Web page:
Former Rutgers coach charged with stealing from parks system
Oct. 31, 2017
TRENTON, N.J. (AP) — A former Rutgers University men's basketball coach diverted thousands of dollars of public money from a New Jersey park system to a nonprofit he controlled and gave him and his family benefits including free concert tickets, according to an indictment unsealed Tuesday.
Kevin Bannon's attorney, John Furlong, said he's "supremely confident" he will prevail at trial after he was charged with receiving unauthorized benefits for himself and others while leading the Mercer County Park Commission
A grand jury returned a 10-count indictment against the 60-year-old Lawrenceville man on Tuesday, including charges of official misconduct and theft, more than a year after he was fired from the agency after the state's investigation became public knowledge.
Bannon coached at Rutgers from 1997 through 2001, when he was fired after reports surfaced that he forced his players to strip their clothes off if they missed shots during free-throw shooting contests.
The indictment alleges Bannon ran the nonprofit Friends of Mercer County Parks on county time with county employees and used several schemes to divert funds. The Park Commission is a semi-autonomous public agency funded by the county.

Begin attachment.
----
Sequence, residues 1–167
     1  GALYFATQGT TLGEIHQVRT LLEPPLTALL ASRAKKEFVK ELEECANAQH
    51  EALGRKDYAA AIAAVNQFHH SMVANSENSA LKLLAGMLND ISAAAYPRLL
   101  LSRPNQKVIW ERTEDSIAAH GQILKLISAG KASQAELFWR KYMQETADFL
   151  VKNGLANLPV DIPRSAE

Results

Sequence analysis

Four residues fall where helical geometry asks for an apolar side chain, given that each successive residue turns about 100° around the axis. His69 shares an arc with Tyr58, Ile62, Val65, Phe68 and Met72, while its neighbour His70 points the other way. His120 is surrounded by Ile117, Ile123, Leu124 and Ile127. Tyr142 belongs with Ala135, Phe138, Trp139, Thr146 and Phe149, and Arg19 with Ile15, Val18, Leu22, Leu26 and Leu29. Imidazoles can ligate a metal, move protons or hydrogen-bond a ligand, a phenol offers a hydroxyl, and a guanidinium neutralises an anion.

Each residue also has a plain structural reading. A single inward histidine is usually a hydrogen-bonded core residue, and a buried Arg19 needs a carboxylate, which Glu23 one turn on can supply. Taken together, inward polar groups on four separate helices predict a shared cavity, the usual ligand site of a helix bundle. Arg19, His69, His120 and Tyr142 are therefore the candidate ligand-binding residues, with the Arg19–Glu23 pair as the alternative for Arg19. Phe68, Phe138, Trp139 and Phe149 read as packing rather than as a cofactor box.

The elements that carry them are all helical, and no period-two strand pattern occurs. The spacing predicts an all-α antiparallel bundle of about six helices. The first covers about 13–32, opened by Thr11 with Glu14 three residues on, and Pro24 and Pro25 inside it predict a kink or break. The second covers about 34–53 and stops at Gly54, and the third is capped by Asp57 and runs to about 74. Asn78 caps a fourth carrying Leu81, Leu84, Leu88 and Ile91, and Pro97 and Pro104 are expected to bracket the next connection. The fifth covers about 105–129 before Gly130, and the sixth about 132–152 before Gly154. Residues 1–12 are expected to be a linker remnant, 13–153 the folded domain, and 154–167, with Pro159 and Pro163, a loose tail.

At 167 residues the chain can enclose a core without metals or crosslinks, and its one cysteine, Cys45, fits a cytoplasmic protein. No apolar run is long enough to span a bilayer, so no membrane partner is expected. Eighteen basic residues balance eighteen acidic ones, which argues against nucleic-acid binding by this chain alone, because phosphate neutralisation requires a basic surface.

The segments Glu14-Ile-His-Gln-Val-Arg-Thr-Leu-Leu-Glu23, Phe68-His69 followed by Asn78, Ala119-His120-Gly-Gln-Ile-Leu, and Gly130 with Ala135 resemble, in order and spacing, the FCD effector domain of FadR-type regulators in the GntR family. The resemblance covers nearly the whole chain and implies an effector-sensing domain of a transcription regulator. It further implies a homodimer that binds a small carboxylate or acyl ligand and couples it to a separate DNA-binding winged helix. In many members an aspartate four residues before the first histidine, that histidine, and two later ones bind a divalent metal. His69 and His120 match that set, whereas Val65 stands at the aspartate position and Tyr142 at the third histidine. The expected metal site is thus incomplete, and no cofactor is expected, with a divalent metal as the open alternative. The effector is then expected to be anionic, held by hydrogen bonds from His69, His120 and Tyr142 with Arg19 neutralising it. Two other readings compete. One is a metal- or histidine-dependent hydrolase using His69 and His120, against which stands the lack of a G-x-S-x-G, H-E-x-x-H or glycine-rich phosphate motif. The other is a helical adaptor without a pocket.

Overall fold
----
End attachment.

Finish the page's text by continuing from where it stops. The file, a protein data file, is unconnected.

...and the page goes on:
"We allege that Bannon corruptly used the Friends organization to divert county funds and expand his power over park facilities and events, while also conferring unauthorized benefits like free golf and VIP concert tickets on himself, his family and his inner circle," Attorney General Christopher Porrino said.
The indictment alleges that Bannon, without authorization, signed a contract with a concert promoter on behalf of the Park Commission that personally awarded him numerous free VIP tickets worth $6,240 to three concerts staged in the summer of 2015. The contract provided that Bannon could host up to 50 guests at each concert, including access to a VIP hospitality tent.
Prosecutors say Bannon also hired an accountant to work for the Friends organization and paid him with free golf cart at any time at any of the Park Commission's golf courses. Authorities say the accountant played about 200 rounds of golf between 2013 and 2015, for which the waived fees totaled over $8,000.
Bannon ran the nonprofit with his brother, whom he allegedly hired as a project manager for the park commission so that the brother could run the nonprofit. Bannon's brother and the accountant are not facing charges.